Mentions: To test this possibility, we mutated conserved Rps5 residues K41, F43 and K45, substituting positively charged K41 and K45 with alanines and bulky aromatic F43 with glycine and obtained yeast strains in which the wild type yeast RPS5 was replaced by the mutant RPS5 alleles. Interestingly, rps5-K41A (harboring lysine to alanine substitution at Rps5 position 41) and rps5-F43G (harboring phenylalanine to glycine substitution at position 43) exhibited growth rates very similar to that of the wild type strain, while rps5-K45A displayed a pronounced Slg− phenotype approaching that of the rps5-Δ1-46 strain (Figure 6A). Analysis of polysomes by sedimentation of whole cell extracts through sucrose density-gradients further revealed a marked reduction in polysome (P) to monosome (80S) ratio (P:M) in the rps5-K45A mutant as compared to the wild type strain, albeit not as severe as that seen for the rps5-Δ1-46 mutant (Figure 6B). A decrease in the P:M ratio is a characteristic phenotype of mutations that impair translation initiation without a commensurate reduction in the elongation or termination phases of translation, reducing the average number of ribosomes per mRNA. Importantly, we also found that the rps5-K45A mutant resembles the rps5-Δ1-46 strain in displaying a Gcn− phenotype, as indicated by increased sensitivity to SM (Supplementary Figure S4A) and reduced β-galactosidase activity expressed from the GCN4-lacZ reporter on p180 (Figure 6C and Supplementary Figure S4B); and also in displaying a reduced UUG:AUG ratio for the HIS4-lacZ reporters (Figure 3C and Supplementary Figure S3). Like the Slg− phenotype and reduction in P:M ratio (Figure 6A and B), both defects were less pronounced in rps5-K45A versus the rps5-Δ1-46 mutant. Interestingly, the reciprocal F46A mutation in RPS16 confers a slow growth phenotype (Supplementary Figure S5A) similar in degree to that observed for the rps5-K45A mutant (Figure 6A). In addition, Rps16 Tyrosine 49 also forms contacts with the Rps5 N-terminus, and the Y49G mutation in RPS16 (4,5) confers an even stronger Slg− phenotype (Supplementary Figure S5A). Importantly, F46A mutation causes a similar reduction in polysome (P) to monosome (80S) ratio (P:M) (as in the rps5-K45A mutant) as compared to the wild RPS16 type strain (Supplementary Figure S5B). Although further experiments are required to determine the exact consequences of these RPS16 mutations, these data support the possibility that interaction between the N-terminal regions of Rps5 and Rps16 is critical for efficient translation initiation at a step following AUG recognition. This further raises the question of how structural changes on the solvent side of the 40S ribosomal subunit may affect TC recruitment and GTP hydrolysis.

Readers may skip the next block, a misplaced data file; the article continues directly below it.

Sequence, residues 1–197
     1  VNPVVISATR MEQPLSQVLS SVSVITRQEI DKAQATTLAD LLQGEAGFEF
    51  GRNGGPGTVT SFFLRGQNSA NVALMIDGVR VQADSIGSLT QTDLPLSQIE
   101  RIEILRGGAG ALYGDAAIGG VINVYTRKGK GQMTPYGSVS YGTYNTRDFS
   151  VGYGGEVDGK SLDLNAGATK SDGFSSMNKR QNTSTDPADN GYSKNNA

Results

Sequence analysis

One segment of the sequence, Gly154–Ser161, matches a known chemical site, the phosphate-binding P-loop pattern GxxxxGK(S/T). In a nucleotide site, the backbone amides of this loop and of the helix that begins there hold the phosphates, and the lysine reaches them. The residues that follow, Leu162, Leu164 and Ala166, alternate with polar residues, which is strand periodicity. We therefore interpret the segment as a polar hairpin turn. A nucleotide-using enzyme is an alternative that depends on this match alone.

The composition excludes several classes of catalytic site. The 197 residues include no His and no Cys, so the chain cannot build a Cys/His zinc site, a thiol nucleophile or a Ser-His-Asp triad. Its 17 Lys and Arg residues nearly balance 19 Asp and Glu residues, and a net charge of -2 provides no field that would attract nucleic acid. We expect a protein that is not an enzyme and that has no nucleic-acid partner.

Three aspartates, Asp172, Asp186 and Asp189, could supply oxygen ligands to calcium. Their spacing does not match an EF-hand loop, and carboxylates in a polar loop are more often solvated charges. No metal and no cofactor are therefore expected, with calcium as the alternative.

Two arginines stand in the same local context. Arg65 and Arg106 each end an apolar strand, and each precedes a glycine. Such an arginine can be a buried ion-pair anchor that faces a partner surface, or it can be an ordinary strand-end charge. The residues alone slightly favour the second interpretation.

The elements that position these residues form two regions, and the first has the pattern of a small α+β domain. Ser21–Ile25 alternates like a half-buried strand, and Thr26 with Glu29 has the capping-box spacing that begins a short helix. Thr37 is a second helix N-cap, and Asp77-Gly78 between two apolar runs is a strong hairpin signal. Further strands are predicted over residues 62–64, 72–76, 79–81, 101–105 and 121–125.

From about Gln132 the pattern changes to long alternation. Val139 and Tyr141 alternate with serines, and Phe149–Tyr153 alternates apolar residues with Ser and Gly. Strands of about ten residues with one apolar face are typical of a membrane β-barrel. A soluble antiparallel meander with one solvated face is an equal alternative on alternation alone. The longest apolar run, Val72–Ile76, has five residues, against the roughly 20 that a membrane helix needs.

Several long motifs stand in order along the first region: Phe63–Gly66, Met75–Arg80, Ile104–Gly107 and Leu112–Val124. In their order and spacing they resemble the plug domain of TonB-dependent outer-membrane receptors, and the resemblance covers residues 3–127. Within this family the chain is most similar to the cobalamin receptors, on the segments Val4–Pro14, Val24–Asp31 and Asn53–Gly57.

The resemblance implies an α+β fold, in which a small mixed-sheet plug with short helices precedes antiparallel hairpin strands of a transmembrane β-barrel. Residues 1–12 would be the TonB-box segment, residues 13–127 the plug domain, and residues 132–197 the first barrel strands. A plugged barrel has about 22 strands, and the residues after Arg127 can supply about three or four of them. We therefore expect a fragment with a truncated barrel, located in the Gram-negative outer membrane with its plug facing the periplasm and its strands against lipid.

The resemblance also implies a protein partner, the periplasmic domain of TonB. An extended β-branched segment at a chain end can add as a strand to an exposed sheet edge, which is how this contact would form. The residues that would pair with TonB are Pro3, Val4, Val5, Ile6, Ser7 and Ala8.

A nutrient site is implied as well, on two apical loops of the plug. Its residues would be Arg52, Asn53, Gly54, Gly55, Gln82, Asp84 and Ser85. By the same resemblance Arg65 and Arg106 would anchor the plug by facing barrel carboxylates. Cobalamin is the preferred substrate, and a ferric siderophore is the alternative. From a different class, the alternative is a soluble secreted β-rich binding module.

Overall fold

Bottom Line: Rps5 mutations evoke accumulation of factors on native 40S subunits normally released on conversion of 48S PICs to 80S initiation complexes (ICs) and this abnormality and related phenotypes are mitigated by the SUI5 variant of eIF5.Remarkably, similar effects are observed by substitution of Lys45 in the Rps5-NTD, involved in contact with Rps16, and by eliminating the last two residues of the C-terminal tail (CTT) of Rps16, believed to contact initiator tRNA base-paired to AUG in the P site.We propose that Rps5-NTD-Rps16-NTD interaction modulates Rps16-CTT association with Met-tRNAi (Met) to promote a functional 48S PIC.

View Article: PubMed Central - PubMed

Affiliation: Center for Gene Regulation in Health and Disease, Department of Biological, Geological and Environmental Sciences, Cleveland State University, Cleveland, OH 44115, USA.

Show MeSH
Related in: MedlinePlus